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Leadership. Is it some magical part of our DNA? Is it something we are born with? Do we inherit it from our parents? Or, is it a skill, like playing a sport that can be learned, honed and perhaps even perfected? These are the questions that have been plaguing my mind ever since I began to take a more serious look at my own leadership abilities. These seeds of doubt were sown the moment I began working in a very different culture with significant language barriers. Although, I still believe that I have adopted well to my new surrounding and can see some of my leadership efforts beginning to bearing fruit, it was podcast from the likes of Tony Robbins and Zig Ziglar that truly opened up my mind to the prospect that perhaps there was a significant gap in my leadership that needed filling. After thirty (30) years of aviating the globe, I am wondering why am I now doubting my leadership abilities, and frankly, do I really need to care? The answer is a resounding YES! because I know there is more to learn and more that I need to improve upon. One of my weak spots stems from my belief that I was not born with the leadership gene. In all likelihood this grew from growing up with a father that was the Captain inside the home and at work (literally). Reflecting back, as a young and very naive boy, I instinctively believed that just because my father was a well-respected airline captain, then darn it, I must be too. The first bitter realization that this faulty thinking occurred when I was 10 years old and given my favourite hockey jersey number 4 - with the ‘C’ attached. I sulked at the thought of not having the captaincy, so the coach gave it to me. Regardless of how hard I worked to impress my teammates, I would never earn the respect that came with this distinction. It was a hollow victory and a very valuable lesson learned. I knew from early on that I while I wanted to lead it was something to be learned and earned and not a right.
My first foray into leadership would begin in earnest the summer of 1988 in Vancouver, British Columbia. Although only flying professionally for twelve months, the experience I gained from working for and with virtual criminals to true professionals would make a profound impact on how I viewed myself. I had gained confidence I didn’t know I had when confronted by an owner that would end up in jail and then in the grave. I would routinely be called into his office for not doing things such as flying the aircraft over-weight or breaking other regulations. Learning to stand my ground in the face of being fired was instrumental for me to develop the confidence to know that ‘might is not always right!’ As I was saying, twelve months later I was now with a new airline and better run airline but with many of the same underlying problems; bullying management and many deeply entrenched ‘old school’ thinking pilots (ironically many of them my own age). In order to quell the building anxiety and tension in the airlines, our management decided to hire consultants from Continental Airlines to put on a three-day CRM course, a brand new and leading-edge interactive tool to improve flight safety. The course was a defining moment for me as I began to learn how to effectively manage fellow pilots through better communicating techniques. It would also highlight my own weaknesses which I could work on. I recall the resentment many of my colleagues felt by the end of the course. Pilots with large egos don’t handle having their weak spots exposed to the world.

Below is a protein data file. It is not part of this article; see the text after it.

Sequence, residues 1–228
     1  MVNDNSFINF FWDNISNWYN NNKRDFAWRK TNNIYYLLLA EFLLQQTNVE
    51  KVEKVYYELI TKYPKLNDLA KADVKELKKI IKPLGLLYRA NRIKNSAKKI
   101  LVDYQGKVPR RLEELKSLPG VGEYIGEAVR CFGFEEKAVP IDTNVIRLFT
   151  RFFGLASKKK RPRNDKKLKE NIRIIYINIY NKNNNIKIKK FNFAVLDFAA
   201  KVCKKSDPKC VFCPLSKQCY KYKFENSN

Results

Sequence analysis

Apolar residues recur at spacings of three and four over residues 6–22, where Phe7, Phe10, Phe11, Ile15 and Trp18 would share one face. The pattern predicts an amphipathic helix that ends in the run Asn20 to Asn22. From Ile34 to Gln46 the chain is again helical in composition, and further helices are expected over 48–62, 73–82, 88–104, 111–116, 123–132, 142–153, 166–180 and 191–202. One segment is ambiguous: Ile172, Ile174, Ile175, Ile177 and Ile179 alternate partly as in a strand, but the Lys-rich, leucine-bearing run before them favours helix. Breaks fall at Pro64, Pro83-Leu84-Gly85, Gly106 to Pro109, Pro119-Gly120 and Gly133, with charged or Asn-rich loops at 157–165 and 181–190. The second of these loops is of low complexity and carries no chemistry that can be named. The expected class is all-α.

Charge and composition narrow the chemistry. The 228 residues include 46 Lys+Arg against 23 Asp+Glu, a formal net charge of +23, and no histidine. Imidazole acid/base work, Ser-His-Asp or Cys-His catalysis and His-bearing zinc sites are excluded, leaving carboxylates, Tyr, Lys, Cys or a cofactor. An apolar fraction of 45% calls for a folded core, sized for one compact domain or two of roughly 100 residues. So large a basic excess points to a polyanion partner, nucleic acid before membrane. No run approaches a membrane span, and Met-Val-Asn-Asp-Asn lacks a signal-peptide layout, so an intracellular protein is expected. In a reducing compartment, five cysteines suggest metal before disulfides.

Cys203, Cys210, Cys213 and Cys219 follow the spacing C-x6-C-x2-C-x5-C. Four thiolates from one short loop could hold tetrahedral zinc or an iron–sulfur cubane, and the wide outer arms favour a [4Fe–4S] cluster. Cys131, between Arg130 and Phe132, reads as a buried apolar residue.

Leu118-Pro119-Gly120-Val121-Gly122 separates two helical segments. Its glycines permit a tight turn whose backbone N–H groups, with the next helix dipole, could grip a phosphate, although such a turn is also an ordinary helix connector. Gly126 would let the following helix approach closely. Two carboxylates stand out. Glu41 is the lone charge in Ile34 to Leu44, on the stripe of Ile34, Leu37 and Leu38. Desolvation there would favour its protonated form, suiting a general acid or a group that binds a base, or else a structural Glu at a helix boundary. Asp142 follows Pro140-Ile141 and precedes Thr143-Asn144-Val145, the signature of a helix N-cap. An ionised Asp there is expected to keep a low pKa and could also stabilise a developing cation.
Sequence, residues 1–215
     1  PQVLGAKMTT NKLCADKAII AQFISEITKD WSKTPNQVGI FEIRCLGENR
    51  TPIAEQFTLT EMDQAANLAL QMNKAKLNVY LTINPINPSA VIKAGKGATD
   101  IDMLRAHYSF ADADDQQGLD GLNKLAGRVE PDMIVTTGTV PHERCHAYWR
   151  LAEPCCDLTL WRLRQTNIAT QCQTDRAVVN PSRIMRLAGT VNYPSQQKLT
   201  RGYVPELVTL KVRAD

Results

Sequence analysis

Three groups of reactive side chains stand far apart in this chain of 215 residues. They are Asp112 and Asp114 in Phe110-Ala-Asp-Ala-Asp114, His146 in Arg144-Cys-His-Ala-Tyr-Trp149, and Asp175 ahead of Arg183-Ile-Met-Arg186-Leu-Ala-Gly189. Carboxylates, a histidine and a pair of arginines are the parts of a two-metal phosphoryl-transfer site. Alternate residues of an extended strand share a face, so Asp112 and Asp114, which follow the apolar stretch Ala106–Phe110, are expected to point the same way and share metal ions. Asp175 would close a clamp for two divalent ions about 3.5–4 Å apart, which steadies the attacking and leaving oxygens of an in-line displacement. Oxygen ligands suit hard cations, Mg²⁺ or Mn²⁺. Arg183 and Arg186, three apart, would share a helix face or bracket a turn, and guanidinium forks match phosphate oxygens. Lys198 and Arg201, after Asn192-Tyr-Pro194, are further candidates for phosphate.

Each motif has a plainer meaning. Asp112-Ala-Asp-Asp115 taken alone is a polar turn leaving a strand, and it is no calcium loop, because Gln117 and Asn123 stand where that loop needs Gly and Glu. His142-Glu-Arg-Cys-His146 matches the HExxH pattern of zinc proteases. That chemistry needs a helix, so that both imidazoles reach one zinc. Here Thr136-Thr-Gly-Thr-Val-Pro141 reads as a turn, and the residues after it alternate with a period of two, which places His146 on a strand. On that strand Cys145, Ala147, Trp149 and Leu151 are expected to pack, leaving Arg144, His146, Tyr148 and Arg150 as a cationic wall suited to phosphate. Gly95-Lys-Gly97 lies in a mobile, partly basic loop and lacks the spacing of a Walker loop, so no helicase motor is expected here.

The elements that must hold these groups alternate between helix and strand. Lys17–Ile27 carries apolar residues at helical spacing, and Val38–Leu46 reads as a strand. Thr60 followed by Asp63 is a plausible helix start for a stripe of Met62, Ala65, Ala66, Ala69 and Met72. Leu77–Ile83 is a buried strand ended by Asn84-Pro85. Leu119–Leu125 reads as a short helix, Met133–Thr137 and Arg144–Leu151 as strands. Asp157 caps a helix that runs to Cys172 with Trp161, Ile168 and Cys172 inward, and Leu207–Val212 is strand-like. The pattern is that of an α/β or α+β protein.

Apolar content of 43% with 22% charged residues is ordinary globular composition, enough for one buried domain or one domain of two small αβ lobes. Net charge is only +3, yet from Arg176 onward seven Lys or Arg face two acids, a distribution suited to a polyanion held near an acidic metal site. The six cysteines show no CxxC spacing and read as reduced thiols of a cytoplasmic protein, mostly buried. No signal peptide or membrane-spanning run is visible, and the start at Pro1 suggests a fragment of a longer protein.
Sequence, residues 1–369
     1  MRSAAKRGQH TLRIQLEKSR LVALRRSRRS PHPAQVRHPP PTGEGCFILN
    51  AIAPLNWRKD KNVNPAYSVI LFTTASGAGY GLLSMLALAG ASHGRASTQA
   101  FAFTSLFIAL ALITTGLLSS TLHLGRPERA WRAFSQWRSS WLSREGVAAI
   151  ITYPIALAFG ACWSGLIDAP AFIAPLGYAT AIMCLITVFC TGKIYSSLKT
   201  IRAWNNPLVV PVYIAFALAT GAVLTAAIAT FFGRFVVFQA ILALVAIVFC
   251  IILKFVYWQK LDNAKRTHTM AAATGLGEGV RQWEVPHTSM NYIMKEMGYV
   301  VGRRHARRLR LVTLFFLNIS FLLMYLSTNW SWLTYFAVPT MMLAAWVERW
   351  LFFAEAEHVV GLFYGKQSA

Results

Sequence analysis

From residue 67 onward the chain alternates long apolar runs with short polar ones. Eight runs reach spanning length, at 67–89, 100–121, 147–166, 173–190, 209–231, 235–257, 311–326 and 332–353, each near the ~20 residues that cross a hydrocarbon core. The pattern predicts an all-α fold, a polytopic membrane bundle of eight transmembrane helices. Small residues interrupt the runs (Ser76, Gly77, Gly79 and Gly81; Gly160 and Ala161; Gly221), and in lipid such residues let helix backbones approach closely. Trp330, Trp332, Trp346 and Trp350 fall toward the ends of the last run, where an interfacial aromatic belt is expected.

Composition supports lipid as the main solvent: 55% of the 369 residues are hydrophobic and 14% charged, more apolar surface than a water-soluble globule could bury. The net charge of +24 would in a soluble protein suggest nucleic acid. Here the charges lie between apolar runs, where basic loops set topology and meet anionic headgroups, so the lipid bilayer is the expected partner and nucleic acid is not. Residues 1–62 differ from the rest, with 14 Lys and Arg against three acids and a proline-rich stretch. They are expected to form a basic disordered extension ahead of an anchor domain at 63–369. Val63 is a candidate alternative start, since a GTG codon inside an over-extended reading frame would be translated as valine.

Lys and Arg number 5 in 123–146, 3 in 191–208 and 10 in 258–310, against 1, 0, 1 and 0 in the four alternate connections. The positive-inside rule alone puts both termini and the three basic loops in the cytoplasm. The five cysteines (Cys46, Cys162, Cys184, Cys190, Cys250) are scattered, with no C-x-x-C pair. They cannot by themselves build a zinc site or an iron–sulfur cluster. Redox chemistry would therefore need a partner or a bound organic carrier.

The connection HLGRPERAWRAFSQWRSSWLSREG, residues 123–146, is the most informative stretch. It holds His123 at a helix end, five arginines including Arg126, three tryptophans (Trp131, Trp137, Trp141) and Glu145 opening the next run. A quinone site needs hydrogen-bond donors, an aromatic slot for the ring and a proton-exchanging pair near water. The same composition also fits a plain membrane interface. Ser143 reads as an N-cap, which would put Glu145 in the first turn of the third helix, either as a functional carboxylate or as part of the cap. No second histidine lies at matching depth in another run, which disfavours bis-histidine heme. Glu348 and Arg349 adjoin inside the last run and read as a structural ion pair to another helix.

The answer of whether or not leadership was inherited or learned was still evading me as I progressed through my career. When witnessing such naturally inspiring leaders such as Jason Maennling, Mauro Nardi and Gordon Perdue to name only a few, it is easy to feel as though they were handed a gift and that no matter how hard you tried you would never ‘be like them.’ Yet, as I began to understand my own strengths and weaknesses, I realized I was forging my own style of leadership by taking in the best and discarding the worst of all that I had the fortune of working with. Leaders such as Kelvin Plett showed me the importance of doing the extra 10% than what most leaders would do. My very close friend James Micheal would forever be my favourite example of taking even the most menial job and doing the best you can, every time; always leaving a positive impression on those that he encountered.
The common trait of every great leader that I’ve encountered is that they are ALL authentic in their own way. True leadership mandates ‘authenticity,’ and this is one are that I feel that I have learned over the years. I believe many young and new leaders try and put their ‘stamp of authenticity’ well before they have truly earned that right. By reflecting on my past, I can see how I have worked hard at letting go of leadership traits that simply didn’t fit my personality while working harder on my strengths. Leadership to me is not about being the “BOSS”, it’s about influencing people and creating environments where those under you flourish and hopefully one day will be inspired by what they have learned to become the best leader they can be.